Researchers from the UK have developed a genetic test capable of predicting an individual’s risk of developing childhood myopia.
The team behind the project, from Cardiff University and the University of Bristol, hope the test could mean earlier interventions and better outcomes later in life for myopes.
“Treatments are available for slowing down the progression of short-sightedness,” Professor Jeremy Guggenheim, director of research at Cardiff University’s School of Optometry and Vision Sciences and co-lead on the study, said.
“Knowing a child is at high risk would help parents and clinicians decide if treatment should be started.”
Using data from the UK Biobank and the Avon Longitudinal Study of Parents and Children, the team analysed the genetic differences between 700,000 individuals against myopia progression.
Based on the results of their study, the team claim they can identify one in 10 individuals who are 6x more likely than average to develop myopia by the time they reach adulthood.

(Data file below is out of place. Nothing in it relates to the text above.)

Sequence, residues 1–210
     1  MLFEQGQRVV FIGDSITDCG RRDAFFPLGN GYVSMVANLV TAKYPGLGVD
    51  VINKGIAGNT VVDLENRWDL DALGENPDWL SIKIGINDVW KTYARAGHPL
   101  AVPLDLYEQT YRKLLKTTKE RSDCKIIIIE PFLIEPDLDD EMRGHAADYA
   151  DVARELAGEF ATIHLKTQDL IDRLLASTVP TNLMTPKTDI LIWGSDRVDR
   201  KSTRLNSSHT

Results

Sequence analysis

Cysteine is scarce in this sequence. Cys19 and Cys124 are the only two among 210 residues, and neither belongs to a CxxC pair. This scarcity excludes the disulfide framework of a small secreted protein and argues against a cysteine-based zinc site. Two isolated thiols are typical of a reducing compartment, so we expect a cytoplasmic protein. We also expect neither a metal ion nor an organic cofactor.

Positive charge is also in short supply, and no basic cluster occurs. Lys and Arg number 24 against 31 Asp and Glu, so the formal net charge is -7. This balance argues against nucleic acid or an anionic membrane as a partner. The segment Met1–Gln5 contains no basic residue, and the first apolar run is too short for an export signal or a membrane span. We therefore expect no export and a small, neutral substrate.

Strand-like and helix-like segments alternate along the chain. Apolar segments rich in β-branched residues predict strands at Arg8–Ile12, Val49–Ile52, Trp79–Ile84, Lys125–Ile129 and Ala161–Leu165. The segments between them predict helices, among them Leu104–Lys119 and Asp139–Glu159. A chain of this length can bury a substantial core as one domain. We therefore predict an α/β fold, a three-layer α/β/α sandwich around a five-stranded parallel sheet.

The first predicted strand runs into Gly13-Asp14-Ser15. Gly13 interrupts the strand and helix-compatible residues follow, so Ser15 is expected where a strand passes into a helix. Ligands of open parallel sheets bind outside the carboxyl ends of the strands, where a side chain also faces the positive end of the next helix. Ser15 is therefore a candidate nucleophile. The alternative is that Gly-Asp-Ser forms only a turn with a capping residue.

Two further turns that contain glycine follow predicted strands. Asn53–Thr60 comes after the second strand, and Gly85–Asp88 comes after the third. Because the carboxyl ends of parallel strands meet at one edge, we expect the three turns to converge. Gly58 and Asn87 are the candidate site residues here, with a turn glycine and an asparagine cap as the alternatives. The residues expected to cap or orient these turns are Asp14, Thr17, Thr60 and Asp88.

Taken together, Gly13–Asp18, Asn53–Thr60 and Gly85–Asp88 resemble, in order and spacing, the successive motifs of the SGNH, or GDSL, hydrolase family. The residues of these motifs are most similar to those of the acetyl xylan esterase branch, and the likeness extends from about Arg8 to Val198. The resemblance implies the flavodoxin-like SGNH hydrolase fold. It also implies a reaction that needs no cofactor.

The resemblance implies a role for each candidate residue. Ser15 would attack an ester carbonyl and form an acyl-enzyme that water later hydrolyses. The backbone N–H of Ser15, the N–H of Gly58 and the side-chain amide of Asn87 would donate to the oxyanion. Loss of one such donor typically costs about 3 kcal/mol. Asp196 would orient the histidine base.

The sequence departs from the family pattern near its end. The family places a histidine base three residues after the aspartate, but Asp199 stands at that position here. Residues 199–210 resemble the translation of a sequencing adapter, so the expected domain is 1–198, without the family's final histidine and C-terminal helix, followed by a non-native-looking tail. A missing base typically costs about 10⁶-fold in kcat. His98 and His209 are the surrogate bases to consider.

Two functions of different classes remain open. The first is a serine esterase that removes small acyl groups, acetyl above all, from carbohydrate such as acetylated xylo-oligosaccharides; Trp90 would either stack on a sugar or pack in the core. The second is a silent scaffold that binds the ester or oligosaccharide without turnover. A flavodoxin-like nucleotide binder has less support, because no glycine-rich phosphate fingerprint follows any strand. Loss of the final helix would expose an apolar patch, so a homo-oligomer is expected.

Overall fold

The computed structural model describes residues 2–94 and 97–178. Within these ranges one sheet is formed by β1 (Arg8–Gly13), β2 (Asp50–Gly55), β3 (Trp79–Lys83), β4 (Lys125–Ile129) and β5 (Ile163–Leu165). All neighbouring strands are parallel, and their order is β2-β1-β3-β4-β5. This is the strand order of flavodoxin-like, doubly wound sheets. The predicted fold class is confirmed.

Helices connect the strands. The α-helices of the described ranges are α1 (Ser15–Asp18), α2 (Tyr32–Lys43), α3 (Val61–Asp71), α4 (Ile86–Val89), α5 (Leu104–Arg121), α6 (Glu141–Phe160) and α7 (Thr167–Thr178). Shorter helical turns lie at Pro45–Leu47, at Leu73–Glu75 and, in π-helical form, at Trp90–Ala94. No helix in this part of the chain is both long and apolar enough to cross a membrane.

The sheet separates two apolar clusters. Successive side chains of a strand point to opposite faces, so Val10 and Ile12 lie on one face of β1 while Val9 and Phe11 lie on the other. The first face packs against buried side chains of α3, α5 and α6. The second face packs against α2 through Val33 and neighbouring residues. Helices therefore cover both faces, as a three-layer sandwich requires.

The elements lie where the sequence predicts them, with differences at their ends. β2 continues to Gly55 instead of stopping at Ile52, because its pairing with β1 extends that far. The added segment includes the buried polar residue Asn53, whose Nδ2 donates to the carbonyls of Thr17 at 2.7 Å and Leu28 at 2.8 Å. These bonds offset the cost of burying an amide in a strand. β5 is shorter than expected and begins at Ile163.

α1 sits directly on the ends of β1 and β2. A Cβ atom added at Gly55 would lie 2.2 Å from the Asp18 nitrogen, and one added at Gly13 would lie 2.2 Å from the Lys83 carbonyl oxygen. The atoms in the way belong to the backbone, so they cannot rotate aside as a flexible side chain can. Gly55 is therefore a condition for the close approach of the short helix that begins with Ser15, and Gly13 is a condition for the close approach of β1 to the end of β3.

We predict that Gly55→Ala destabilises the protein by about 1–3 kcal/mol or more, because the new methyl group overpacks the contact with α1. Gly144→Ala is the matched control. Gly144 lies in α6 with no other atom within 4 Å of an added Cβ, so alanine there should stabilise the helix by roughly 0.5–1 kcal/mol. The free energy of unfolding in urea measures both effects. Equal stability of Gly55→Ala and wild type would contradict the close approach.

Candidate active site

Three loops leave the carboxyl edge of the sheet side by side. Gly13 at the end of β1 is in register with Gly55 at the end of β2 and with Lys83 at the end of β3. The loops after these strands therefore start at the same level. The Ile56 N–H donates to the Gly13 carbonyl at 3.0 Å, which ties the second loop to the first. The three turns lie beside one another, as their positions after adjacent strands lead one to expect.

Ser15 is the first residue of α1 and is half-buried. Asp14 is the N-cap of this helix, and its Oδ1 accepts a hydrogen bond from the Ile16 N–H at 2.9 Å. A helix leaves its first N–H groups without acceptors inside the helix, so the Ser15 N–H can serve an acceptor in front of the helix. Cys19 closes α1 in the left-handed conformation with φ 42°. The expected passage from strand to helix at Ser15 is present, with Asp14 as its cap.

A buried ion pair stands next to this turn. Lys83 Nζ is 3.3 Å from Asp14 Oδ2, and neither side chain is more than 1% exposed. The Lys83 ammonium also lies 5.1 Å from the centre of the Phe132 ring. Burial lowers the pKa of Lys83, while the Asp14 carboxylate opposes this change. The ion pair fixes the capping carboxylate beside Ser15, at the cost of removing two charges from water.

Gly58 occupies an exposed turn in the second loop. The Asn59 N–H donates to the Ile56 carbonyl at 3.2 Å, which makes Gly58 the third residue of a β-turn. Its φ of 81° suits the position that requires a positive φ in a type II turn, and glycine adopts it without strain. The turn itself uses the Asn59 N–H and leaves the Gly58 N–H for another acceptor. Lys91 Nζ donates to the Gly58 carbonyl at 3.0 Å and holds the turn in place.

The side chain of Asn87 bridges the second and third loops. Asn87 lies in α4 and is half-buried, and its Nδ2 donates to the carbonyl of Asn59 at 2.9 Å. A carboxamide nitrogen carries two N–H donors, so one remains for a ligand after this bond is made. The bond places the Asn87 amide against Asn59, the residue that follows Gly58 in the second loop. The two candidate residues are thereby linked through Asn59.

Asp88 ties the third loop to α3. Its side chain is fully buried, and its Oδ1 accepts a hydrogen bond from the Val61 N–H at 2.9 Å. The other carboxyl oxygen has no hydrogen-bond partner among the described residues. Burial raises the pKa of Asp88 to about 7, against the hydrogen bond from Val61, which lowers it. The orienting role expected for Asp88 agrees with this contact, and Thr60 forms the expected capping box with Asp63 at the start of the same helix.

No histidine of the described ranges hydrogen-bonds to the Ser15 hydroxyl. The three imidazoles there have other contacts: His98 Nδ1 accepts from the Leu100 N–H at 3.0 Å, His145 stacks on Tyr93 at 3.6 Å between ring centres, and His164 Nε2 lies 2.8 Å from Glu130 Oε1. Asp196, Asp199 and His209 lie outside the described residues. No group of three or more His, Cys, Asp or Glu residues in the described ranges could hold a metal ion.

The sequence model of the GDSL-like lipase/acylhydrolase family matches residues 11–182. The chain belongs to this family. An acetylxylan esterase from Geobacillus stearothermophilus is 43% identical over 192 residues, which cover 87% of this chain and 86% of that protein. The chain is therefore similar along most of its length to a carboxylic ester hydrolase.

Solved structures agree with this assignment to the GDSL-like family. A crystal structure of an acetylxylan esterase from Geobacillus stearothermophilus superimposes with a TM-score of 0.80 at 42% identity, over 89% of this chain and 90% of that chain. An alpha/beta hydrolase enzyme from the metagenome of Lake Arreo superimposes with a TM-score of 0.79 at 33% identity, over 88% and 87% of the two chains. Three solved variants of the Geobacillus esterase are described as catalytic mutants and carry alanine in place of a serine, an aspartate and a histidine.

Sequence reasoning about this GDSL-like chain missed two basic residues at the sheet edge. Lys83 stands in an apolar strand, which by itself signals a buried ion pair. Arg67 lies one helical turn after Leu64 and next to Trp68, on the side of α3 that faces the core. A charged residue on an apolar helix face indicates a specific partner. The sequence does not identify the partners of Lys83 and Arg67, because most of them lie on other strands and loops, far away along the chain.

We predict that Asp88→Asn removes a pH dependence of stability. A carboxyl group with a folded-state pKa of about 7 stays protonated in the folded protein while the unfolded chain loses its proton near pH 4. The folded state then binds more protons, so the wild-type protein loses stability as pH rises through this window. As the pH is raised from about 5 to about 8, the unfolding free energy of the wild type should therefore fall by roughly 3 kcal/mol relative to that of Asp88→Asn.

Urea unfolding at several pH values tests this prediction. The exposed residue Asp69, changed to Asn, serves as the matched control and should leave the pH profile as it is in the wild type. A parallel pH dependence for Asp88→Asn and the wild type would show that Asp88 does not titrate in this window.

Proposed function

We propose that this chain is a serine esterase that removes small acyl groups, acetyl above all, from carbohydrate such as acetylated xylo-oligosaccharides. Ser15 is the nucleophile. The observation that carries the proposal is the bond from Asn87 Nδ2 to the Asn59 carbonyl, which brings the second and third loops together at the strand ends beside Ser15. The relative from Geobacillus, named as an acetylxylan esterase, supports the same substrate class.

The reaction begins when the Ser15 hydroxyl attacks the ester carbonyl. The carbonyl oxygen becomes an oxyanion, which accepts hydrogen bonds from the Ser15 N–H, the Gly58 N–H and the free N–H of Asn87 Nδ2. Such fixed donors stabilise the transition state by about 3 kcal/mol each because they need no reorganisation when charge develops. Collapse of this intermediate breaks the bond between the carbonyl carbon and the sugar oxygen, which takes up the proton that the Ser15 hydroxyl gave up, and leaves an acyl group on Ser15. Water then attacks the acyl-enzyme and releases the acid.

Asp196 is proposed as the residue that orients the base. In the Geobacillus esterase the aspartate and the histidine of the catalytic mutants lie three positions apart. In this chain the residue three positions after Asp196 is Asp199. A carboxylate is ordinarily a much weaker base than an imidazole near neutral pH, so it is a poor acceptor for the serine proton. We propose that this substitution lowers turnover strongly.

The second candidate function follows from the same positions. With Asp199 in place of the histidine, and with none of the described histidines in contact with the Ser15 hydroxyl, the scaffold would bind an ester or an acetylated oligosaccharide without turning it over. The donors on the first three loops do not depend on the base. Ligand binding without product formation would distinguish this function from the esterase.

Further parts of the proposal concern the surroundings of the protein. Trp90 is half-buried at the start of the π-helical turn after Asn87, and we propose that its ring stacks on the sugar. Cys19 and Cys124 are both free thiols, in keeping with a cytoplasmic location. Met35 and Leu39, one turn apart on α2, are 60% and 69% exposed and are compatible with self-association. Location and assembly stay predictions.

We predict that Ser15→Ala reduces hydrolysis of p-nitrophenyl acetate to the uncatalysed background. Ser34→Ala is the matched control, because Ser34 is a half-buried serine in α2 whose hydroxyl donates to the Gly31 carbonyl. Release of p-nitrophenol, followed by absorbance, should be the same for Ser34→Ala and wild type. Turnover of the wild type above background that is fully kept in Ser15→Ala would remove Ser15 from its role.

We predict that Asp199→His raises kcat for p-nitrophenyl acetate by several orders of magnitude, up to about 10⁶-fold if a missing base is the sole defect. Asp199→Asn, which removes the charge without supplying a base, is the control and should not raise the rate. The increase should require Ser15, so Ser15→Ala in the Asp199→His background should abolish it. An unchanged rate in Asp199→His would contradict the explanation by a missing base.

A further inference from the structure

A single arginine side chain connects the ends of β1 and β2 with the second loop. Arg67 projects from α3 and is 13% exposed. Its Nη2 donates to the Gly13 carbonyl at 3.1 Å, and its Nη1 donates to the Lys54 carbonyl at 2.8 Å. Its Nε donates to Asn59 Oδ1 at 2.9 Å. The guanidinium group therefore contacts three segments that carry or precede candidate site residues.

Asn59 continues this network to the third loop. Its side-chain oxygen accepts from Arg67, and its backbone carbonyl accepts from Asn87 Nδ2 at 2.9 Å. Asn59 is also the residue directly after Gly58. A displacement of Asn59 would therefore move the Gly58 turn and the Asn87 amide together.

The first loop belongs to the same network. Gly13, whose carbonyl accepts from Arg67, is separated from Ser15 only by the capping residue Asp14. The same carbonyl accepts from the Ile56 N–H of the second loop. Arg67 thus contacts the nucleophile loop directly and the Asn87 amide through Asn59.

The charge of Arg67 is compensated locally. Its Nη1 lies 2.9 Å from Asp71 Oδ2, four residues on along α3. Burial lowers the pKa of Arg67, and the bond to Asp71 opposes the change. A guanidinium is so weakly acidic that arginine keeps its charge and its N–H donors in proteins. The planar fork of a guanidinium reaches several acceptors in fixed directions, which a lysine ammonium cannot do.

“A genetic test can be carried out at any age, so a test like this – for a high risk of myopia – could give children who are likely to become very short-sighted a head start if carried out when they are young and if there are effective suitable treatments,” Dr Cathy Willaims, from the University of Bristol and co-lead on the study, said.
In order to develop a more accurate and complete genetic test for the condition, the team claims further work, as well as a larger genetic sample, is needed.
The findings have been published in the journal JAMA Ophthalmology.
It builds on the same team’s previous investigations into childhood Myopia. In 2018 they identified a correlation between education and myopia, with every year of schooling linked to an increased refractive error of 0.27 dioptres.
How education affects children’s eyesight was not clear, although the team suspects the additional time spend indoors and on near work activities might contribute to worsening conditions.